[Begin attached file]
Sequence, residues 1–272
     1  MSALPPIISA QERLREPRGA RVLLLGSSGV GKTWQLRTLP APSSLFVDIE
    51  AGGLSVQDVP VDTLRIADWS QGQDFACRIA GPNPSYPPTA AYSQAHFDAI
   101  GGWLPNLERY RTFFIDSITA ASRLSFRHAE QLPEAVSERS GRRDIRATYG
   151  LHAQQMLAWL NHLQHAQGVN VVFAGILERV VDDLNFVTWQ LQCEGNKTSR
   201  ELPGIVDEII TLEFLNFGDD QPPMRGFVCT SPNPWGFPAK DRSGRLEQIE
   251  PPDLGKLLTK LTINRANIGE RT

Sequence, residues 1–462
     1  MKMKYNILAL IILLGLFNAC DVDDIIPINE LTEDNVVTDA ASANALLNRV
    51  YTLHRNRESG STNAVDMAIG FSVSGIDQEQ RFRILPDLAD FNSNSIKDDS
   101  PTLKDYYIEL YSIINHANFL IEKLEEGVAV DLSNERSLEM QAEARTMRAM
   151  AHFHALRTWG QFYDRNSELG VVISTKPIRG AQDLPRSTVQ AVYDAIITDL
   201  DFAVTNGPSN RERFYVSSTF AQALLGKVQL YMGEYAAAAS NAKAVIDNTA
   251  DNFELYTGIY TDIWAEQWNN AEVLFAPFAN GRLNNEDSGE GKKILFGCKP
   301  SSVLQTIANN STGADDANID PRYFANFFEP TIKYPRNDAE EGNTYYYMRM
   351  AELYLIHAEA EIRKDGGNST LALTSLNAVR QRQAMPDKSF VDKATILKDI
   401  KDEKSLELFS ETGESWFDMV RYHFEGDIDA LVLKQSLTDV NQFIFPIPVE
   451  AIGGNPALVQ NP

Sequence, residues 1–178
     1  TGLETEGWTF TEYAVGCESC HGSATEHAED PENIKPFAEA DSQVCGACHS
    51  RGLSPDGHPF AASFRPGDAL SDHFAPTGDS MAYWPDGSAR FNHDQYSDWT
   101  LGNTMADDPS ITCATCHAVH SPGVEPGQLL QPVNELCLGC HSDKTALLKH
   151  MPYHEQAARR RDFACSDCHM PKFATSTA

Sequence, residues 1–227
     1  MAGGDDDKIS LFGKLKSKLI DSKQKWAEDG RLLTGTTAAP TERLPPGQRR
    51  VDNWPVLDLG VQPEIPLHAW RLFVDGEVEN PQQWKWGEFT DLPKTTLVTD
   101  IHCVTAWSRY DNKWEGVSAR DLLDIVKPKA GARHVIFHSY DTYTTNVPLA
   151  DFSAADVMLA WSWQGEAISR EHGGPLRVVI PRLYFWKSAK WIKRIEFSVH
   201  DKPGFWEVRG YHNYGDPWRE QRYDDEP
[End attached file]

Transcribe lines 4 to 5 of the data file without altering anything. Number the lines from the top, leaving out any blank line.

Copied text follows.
   101  GGWLPNLERY RTFFIDSITA ASRLSFRHAE QLPEAVSERS GRRDIRATYG
   151  LHAQQMLAWL NHLQHAQGVN VVFAGILERV VDDLNFVTWQ LQCEGNKTSR